The Booth Tarkington Civic Theatre’s resident costume designer, Jean Engstrom, died on Thursday, February 7, 2013. This message appeared on Civic’s Facebook page the next day:
Civic will open THE FOX ON THE FAIRWAY this evening with a heavy heart. Our dear friend and Resident Costume Designer Jean Engstrom passed away yesterday. As Bob Sorbera reported to the staff, “In a fashion becoming of a theatrical she passed away at the precise moment that the steel magnolias of the costume shop were raising their glasses in her honor.” Our condolences to Jean’s family and friends.
I offer them my condolences, too. I don’t think I ever met Jean in person, but I felt as if I knew her, or at least a part of her, through her beautiful costume designs. I always looked forward to seeing them and invariably they wowed me.
Here are just a few examples (for most of these, if you click the link you can see a photo or two of Jean’s costumes in the full review):
From my review of “Aida” on Indiana Auditions:
Each of the costumes designed by Jean Engstrom is a work of art in itself. Even the “simple” costumes, such as the handmaidens’ turquoise nail-filing outfits, show wit and careful attention to detail in their individualized high heels and sparkly earrings.
From my review of “Thoroughly Modern Minnie” –
I gave up jotting down notes about the costumes that I loved because there were so many of them. Designer Jean Engstrom created and/or gathered a wealth of 1920s fringed, beaded, feathered, and sequined gowns and hats that are just the cat’s meow.
From my review of “Enchanted April” –
Jean Engstrom’s costume design includes several gorgeous 1920s gowns, a fun bathing outfit, and the unexpected pleasure (for me, anyway) of a man’s damp towel. That form-fitting “costume” made me sit up and say, “Hey!” but also left just enough to the imagination.
From my review of “Twentieth Century” –
The 1930s costume design is by Jean Engstrom. I especially loved the fur stoles of the women.
From my review of “Evita”:
And the gowns! Eva Peron came from poverty, so when she made it big in the Argentine “big apple” – Buenos Aires – she apparently gorged herself on gorgeous clothes and jewelry. Jean Engstrom’s numerous costume designs and Debbie Williams’ numerous hair and make-up designs are glamorous.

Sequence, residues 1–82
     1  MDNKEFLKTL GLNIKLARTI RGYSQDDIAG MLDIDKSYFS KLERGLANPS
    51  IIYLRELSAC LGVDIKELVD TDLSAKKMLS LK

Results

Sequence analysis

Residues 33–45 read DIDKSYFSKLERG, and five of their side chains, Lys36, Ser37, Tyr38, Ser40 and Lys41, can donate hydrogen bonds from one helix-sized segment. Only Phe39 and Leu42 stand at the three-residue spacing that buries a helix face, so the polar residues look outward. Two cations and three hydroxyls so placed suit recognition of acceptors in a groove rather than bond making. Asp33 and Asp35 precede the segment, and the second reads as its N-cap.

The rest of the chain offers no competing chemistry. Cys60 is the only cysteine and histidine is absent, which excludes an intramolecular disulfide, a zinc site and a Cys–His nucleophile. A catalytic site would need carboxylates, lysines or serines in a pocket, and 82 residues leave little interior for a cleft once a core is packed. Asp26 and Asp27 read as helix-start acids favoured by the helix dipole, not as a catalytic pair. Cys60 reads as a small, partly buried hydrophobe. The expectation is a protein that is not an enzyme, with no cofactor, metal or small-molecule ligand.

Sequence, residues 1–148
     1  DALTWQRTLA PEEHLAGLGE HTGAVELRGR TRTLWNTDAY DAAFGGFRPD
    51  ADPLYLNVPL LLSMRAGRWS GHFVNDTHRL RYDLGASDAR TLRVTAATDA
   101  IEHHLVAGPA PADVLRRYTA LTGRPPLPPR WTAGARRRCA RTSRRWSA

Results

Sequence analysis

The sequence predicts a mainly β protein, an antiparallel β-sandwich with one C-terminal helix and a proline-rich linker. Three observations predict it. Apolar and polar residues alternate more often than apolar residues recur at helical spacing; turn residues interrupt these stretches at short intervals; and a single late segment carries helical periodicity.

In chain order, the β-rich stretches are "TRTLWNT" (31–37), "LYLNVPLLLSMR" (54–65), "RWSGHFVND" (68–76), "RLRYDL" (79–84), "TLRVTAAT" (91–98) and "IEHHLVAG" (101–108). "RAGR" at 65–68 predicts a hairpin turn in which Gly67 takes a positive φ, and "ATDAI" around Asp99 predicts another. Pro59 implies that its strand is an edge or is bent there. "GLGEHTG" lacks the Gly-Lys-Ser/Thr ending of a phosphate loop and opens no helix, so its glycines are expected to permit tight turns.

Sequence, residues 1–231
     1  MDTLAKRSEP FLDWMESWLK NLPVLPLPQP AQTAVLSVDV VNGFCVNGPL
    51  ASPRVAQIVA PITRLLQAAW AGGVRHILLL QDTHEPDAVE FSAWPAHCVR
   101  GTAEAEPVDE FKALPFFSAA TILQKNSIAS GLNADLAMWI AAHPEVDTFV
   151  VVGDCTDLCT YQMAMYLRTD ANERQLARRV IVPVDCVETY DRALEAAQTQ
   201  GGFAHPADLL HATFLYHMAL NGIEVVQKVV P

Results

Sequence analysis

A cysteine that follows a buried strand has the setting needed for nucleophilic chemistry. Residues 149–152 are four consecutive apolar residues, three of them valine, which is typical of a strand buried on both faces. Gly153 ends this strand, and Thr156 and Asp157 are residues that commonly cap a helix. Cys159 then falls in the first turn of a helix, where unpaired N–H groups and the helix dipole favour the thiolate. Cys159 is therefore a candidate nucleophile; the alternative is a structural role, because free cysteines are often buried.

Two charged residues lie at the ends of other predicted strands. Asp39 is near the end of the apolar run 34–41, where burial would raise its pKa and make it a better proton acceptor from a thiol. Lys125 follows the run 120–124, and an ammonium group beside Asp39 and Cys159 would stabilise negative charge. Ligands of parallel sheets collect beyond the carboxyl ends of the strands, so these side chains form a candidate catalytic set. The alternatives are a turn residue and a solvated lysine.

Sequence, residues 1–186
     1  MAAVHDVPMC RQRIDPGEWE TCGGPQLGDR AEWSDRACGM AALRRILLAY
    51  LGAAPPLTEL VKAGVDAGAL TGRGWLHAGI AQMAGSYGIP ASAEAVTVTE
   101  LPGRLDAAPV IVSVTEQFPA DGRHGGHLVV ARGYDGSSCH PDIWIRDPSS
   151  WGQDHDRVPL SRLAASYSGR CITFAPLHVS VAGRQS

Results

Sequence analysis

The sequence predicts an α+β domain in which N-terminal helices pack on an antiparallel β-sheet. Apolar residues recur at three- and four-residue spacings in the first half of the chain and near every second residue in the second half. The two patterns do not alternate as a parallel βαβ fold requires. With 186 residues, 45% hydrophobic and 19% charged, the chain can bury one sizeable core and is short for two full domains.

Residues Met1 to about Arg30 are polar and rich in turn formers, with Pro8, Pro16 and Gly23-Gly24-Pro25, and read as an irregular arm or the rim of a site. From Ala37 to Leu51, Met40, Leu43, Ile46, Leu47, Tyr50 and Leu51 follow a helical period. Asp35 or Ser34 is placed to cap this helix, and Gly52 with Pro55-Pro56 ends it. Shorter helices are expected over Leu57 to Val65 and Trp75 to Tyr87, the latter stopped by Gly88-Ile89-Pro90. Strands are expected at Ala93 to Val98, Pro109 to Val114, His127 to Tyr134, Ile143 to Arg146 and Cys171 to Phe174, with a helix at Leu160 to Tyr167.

From my review of “The Elephant Man”
Jean Engstrom’s period costume designs are lovely, especially the ladies’ richly-bustled skirts and the men’s cutaway coats. The clown-like outfits of the “Coneheads” side show act are somehow simultaneously charming and creepy.
From my review of “The Belle of Amhurst”
Emily tells us that as an adult she always wore white. She does, in fact, wear only a long, white cotton dress for the whole show. However, Jean Engstrom’s costume design includes several appropriate accessories as well: a white apron, a softly colorful shawl, a funeral bonnet, and a long black cape, for example. Carrie smoothly and subtly employs these as props to aid in her telling of Emily’s life story. They add yet another layer of texture and movement to the piece.
That is what a good costume designer does for any show, actually: she (or he) adds yet another layer of texture, movement, information, and meaning to the piece. She has to have a good imagination and a wealth of creativity. Jean Engstrom had both.
I think a good costumer at a large theatre like Civic has to have not only top-notch design and “building” (i.e., making) skills but also excellent people skills. Almost every Civic program lists several volunteer costume assistants and interns. There is often a separate hair and makeup designer, too, not to mention the director and the rest of the professional design team. A good costumer has to get along well with all of those people.
Also, of course, there are the actors themselves. At Civic they are all volunteers but, like at any theatre, they want to look good and they have to be able to move and maybe even dance in their costumes in order to do their jobs. They may be sensitive about their measurements; a good costumer has to work diplomatically around that, too.
Jean Engstrom’s obituary in The Columbus Dispatch says that her career included several years in New York City, where she freelanced as a costume designer and fashion stylist and worked with Patrick Demarchelier, Wes Anderson, Betsy Johnson, and Emmy and Bill Irwin. It says she also designed costumes for several independent films, and more.
All of this tells me she was good not only at the creative side of a costumer’s job but at the “getting along with people” side, too.
When I Googled “Jean Engstrom” to find her obituary, I also found a lovely interview that Whitney Smith did with her in 2008 for the Indianapolis Star’s “Metromix”, soon after Jean first started working for the Civic Theatre. In that conversation Jean mentions that a good costume designer needs to be able to draw (which makes sense, of course, but I had forgotten about that) and needs to be able to find the costumes that she’s not going to design herself. In other words, she needs to have good hunting and shopping skills.
In the interview with Whitney, Jean also says that a good costume designer has to have “a sense of story, a sense of history.” I love that Jean said that. Ultimately, maybe that is why I always loved her costume designs. In any case, I am grateful that I got to see so many examples of her costume “storytelling” for Civic.
I pray for the repose of Jean Engstrom’s soul, and I wish peace and comfort to her family and friends.
Hope Baugh – www.IndyTheatreHabit.com
P.S. – The obituary says that “Jean will be remembered in a memorial service on the 8th of June (noon), at the home of James Van Winkle, 25420 Lunda Rd., West Mansfield, OH, 43358. Memorial contributions may be made to: Booth Tarkington Civic Theatre 3 Center Green, Suite 200 Carmel, IN, 46032.”
©2013 Hope Baugh